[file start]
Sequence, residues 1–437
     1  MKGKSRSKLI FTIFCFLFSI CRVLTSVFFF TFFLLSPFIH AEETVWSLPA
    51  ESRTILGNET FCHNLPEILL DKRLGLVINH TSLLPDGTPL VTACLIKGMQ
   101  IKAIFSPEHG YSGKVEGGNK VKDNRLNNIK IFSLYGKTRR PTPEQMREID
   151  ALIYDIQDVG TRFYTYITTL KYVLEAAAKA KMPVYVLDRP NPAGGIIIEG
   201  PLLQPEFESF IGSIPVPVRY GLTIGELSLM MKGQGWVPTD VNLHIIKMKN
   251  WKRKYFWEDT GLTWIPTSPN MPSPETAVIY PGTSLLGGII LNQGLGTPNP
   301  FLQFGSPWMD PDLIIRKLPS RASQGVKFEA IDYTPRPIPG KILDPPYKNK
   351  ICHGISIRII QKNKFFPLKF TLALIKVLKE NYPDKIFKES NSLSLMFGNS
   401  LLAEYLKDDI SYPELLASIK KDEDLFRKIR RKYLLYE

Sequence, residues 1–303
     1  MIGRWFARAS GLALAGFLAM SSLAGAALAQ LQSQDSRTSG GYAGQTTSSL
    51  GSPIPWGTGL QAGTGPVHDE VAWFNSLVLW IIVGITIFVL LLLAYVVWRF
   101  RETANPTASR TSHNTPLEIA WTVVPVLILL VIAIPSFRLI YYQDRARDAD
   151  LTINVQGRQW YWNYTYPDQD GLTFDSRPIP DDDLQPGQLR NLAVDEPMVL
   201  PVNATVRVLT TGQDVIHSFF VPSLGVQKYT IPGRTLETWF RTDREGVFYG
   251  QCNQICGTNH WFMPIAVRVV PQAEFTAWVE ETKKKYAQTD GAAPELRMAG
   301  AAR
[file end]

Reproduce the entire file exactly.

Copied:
Sequence, residues 1–437
     1  MKGKSRSKLI FTIFCFLFSI CRVLTSVFFF TFFLLSPFIH AEETVWSLPA
    51  ESRTILGNET FCHNLPEILL DKRLGLVINH TSLLPDGTPL VTACLIKGMQ
   101  IKAIFSPEHG YSGKVEGGNK VKDNRLNNIK IFSLYGKTRR PTPEQMREID
   151  ALIYDIQDVG TRFYTYITTL KYVLEAAAKA KMPVYVLDRP NPAGGIIIEG
   201  PLLQPEFESF IGSIPVPVRY GLTIGELSLM MKGQGWVPTD VNLHIIKMKN
   251  WKRKYFWEDT GLTWIPTSPN MPSPETAVIY PGTSLLGGII LNQGLGTPNP
   301  FLQFGSPWMD PDLIIRKLPS RASQGVKFEA IDYTPRPIPG KILDPPYKNK
   351  ICHGISIRII QKNKFFPLKF TLALIKVLKE NYPDKIFKES NSLSLMFGNS
   401  LLAEYLKDDI SYPELLASIK KDEDLFRKIR RKYLLYE

Sequence, residues 1–303
     1  MIGRWFARAS GLALAGFLAM SSLAGAALAQ LQSQDSRTSG GYAGQTTSSL
    51  GSPIPWGTGL QAGTGPVHDE VAWFNSLVLW IIVGITIFVL LLLAYVVWRF
   101  RETANPTASR TSHNTPLEIA WTVVPVLILL VIAIPSFRLI YYQDRARDAD
   151  LTINVQGRQW YWNYTYPDQD GLTFDSRPIP DDDLQPGQLR NLAVDEPMVL
   201  PVNATVRVLT TGQDVIHSFF VPSLGVQKYT IPGRTLETWF RTDREGVFYG
   251  QCNQICGTNH WFMPIAVRVV PQAEFTAWVE ETKKKYAQTD GAAPELRMAG
   301  AAR